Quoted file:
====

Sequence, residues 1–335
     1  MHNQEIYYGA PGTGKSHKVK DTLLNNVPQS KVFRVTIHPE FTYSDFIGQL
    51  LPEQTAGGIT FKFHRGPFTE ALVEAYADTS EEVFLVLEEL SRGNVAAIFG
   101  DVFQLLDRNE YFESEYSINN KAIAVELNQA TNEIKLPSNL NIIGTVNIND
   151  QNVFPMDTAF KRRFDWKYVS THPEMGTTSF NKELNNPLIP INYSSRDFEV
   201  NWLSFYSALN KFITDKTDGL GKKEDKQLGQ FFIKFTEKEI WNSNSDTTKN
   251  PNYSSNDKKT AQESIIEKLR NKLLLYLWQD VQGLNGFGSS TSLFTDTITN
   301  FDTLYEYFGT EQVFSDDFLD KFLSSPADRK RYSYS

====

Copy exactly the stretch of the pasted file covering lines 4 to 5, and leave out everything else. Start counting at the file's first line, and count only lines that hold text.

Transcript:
   101  DVFQLLDRNE YFESEYSINN KAIAVELNQA TNEIKLPSNL NIIGTVNIND
   151  QNVFPMDTAF KRRFDWKYVS THPEMGTTSF NKELNNPLIP INYSSRDFEV